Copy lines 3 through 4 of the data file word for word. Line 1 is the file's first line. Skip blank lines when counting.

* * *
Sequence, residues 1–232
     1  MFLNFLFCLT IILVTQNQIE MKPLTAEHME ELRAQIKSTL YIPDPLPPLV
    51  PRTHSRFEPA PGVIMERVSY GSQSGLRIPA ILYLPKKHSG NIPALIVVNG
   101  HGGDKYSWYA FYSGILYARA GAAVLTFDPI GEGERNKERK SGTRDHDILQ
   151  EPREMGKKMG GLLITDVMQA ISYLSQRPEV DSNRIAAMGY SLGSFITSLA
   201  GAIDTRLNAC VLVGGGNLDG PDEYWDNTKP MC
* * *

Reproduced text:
    51  PRTHSRFEPA PGVIMERVSY GSQSGLRIPA ILYLPKKHSG NIPALIVVNG
   101  HGGDKYSWYA FYSGILYARA GAAVLTFDPI GEGERNKERK SGTRDHDILQ